A Federal Court judge has allowed the insurer of a manufacturer of combustible aluminum composite panels to be joined to an action against the manufacturer. This decision is significant because the manufacturer is under administration and unlikely to meet any monetary judgment.

The Owners – Strata Plan No 91086 v Fairview Architectural Pty Ltd (No 3) [2023] FCA 814, concerned an interlocutory application by an owners corporation of two residential buildings to join Fairview Architectural Pty Ltd's product liability insurer, AAI Limited, to a proceeding.

The proceeding concerned aluminum composite panels which were manufactured and installed on the building by Fairview. The owners alleged the panels were "not of merchantable or acceptable quality" and that there was a risk the panels were not compliant with the Building Code of Australia, banned by regulatory authorities and posed a material risk of rapid fire spread. Accordingly, the owners sought compensation for the loss or damage arising from the supply of the Panels, including the costs of and incidental to, removing the panels and remediating the damage caused by affixing the panels to the building.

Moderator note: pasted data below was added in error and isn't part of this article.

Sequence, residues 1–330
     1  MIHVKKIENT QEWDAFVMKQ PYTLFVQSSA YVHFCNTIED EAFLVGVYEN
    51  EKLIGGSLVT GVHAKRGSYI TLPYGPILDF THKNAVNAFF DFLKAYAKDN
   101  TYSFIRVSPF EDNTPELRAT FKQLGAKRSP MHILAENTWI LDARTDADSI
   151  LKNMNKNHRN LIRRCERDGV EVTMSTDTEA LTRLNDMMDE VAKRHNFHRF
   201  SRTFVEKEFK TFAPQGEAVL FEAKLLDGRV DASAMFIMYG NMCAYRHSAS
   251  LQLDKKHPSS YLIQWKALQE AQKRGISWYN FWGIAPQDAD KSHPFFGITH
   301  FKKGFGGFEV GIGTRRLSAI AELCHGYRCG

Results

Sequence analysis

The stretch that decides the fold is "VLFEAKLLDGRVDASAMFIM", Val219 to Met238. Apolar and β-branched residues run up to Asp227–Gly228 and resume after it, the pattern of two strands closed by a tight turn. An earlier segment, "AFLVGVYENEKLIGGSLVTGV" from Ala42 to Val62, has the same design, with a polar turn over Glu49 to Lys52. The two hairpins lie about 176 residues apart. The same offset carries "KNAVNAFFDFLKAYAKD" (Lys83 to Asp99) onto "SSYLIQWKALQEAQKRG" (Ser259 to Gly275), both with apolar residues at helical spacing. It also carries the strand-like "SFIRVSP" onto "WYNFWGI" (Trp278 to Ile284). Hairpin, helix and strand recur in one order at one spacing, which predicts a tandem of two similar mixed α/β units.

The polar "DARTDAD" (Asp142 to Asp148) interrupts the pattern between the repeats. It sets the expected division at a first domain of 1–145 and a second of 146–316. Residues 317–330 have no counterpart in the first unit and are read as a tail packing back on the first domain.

The central issue was whether the insurer's policy responded to Fairview's claim or potential liability to the owners. To determine this, Justice Wigney had to consider if Fairview's potential liability arose from any property damage and whether such damage was caused by an occurrence (being an event which results in property damage that is neither expected nor intended).

It was found that "the affixation of the panels had an instant and damaging effect on the building because the panels posed an immediate and unacceptable danger to the residents of the building" and that the physical damage to the "top hat" substructure of the façade occurred during the period of insurance.

To arrive at this conclusion, Justice Wigney considered:

  • the technical evidence around the damage that would likely be done in replacing the cladding, being to the existing top hat subframe, the screws fixing the top hats together and to the walls, the disposal of the existing top hat subframe, filling holes in the concrete and stud wall frames, and repair of the sarking; and
  • the relevant authorities in relation to "property damage" (observing, for example, that installation of the combustible panels was somewhat analogous to incorporating into a building a dangerous or toxic substance like asbestos).

Justice Wigney did not conclude whether the policy would actually cover the claim (being an interlocutory application) but found that it was "at least arguable" that it would.

The decision was significant for Justice Wigney's finding that the installation of the defective panels constituted an occurrence causing property damage, through the need to remove and replace the panels. This opened up the possibility that the insurance policy will respond.